We come into this world wide-open to receiving love. When we do receive it, as our first primal experience, our nervous system is limbically imprinted—programmed—with an undeniable rightness of being. Being held in our mother’s loving arms and feeding from her breast provides us with a natural sense of bliss and security; it sets the world as the right place for us to be.

If our first impressions of being in the body are anything less than loving (for example, painful, frightening or lonely), then those impressions will imprint as our valid experience of love. It will be immediately coded into our nervous system as a comfort zone, acting as a surrogate for love and nurturing, regardless of how undesirable the experience actually was. The Effects of the Limbic Imprint

As adults, we unconsciously, automatically recreate the conditions that were imprinted at birth and through early childhood. Research conducted by the pioneers of prenatal psychology, such as doctors Thomas Verny, David Chamberlain and William Emerson, shows that an overwhelming amount of physical conditions and behavioral disorders are the direct result of traumatic gestational experiences during pregnancy and complications during delivery. These can include sensory overload, unnecessary mechanical interventions, chemical stimulation, elective cesareans, circumcision, separation from mother right after birth, lack of breastfeeding and more.

Beyond the devastating effect of trauma during the actual birth, what happens afterward is also a source of trouble. These problems aren’t out of the ordinary; they’re a matter of routine impersonal postpartum hospital care. Lack of immediate warm, soft and nurturing contact with the mother, immediate cutting of the cord, rude handling, needles, bright lights, startling noises… all of this becomes instantly wired into a newborn’s nervous system as the new comfort zone. As the child grows, he’ll continue to unconsciously recreate and attract the same repeated situations of suffering, pain and helplessness, or else become abusive. Even if his rational mind later accurately recognizes this as a pattern of abuse, the imprinting will have already happened in a different part of the brain.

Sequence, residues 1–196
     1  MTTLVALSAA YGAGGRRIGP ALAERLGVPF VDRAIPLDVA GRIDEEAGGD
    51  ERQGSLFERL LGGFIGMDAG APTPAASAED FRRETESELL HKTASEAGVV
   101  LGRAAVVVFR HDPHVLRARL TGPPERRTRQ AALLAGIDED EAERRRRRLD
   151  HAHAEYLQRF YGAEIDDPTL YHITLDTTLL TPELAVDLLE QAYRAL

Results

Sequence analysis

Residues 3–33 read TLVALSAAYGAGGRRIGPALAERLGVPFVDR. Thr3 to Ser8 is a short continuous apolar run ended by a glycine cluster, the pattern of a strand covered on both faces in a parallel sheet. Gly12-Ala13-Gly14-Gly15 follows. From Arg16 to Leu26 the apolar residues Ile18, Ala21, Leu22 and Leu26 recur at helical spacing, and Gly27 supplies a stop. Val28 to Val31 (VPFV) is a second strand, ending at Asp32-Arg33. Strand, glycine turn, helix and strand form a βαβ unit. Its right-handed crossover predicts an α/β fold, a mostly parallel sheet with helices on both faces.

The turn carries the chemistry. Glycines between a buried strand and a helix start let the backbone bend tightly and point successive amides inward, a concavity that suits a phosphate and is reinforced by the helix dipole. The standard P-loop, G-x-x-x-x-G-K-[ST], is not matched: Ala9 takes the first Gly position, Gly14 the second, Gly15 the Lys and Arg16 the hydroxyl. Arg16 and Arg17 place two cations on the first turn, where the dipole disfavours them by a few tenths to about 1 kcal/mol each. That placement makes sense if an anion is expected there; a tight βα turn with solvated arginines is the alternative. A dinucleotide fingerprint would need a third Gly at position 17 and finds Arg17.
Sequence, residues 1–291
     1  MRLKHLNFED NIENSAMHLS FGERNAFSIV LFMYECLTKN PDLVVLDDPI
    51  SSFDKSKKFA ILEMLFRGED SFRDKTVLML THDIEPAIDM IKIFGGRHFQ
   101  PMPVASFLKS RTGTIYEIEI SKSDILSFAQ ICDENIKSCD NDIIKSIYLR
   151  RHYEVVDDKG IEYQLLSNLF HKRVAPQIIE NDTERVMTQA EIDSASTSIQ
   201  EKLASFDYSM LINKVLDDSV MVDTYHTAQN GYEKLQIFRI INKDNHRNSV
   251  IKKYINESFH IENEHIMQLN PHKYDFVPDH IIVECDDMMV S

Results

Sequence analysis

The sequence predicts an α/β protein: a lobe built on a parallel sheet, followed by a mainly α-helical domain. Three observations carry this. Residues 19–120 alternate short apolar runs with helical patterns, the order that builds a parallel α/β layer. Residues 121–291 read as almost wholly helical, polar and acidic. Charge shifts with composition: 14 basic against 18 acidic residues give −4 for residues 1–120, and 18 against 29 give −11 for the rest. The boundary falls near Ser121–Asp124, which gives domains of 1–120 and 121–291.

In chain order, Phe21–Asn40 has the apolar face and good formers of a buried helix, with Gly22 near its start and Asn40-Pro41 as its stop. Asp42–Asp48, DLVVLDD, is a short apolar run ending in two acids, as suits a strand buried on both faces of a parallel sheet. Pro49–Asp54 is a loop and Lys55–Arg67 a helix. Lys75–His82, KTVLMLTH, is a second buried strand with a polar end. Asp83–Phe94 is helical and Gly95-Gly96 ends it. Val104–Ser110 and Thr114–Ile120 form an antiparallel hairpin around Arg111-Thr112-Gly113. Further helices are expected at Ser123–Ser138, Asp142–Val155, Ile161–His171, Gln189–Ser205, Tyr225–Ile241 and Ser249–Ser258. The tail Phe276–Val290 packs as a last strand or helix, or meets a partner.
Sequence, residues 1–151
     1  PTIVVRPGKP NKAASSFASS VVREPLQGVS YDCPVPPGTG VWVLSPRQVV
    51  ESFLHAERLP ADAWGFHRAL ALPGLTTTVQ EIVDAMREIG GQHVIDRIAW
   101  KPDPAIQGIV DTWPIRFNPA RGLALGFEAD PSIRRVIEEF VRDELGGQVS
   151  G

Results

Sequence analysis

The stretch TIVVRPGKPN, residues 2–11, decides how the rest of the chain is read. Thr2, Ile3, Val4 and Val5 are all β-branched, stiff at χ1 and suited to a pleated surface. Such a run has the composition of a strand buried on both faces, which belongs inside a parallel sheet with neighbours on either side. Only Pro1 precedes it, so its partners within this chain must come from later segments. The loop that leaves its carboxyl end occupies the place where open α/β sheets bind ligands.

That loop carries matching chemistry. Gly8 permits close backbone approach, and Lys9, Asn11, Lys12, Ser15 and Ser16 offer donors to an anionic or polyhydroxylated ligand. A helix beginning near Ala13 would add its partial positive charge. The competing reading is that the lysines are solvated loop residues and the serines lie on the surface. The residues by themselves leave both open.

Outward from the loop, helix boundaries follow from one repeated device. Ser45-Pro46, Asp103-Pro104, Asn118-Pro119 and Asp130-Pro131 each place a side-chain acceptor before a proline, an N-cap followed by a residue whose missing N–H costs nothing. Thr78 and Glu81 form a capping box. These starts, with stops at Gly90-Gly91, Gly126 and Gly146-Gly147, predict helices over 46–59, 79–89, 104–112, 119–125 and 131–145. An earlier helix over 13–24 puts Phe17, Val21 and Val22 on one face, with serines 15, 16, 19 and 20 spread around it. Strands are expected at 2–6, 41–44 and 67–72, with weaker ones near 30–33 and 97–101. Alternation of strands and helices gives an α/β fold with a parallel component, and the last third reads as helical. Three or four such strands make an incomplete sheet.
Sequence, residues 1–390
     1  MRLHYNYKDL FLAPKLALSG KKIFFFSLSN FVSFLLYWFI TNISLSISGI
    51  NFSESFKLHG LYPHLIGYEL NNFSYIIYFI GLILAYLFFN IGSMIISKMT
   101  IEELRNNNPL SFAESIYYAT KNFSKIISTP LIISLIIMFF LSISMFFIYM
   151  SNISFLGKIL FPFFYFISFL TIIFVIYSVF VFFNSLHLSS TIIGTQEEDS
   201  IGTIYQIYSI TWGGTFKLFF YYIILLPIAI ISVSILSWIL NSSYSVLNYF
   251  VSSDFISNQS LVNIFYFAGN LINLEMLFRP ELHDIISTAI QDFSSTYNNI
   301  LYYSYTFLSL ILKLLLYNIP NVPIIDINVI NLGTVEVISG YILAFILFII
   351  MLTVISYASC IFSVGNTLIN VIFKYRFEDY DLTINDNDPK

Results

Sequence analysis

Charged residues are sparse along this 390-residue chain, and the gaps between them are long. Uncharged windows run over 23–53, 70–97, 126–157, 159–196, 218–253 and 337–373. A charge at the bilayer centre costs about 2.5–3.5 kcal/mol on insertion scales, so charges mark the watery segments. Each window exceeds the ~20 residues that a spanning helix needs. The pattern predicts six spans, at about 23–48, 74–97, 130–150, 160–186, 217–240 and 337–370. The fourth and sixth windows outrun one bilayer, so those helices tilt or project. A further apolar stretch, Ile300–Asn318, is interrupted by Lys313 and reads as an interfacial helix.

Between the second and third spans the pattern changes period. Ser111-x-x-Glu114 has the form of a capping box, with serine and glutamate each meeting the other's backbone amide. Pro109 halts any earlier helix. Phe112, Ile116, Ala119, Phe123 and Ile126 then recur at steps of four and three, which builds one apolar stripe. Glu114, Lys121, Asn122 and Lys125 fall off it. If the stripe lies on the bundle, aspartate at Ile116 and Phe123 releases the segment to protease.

According to a 1995 study by Dr. William Emerson, 95 percent of all births in the United States can be classified as traumatic. Fifty percent were rated as “moderate” trauma, and 45 percent as “severe.” This problem affects all of us.

Born into excruciating labor pains or into the numbness and toxicity of anesthesia, we are limbically imprinted for suffering or numbness. Traumatic birth strips us of our power and impairs our capacity to love, trust, be intimate and experience our true potential. Addictions, poor problem-solving skills, low self-esteem and an inability to be compassionate or responsible have all been linked to birth trauma.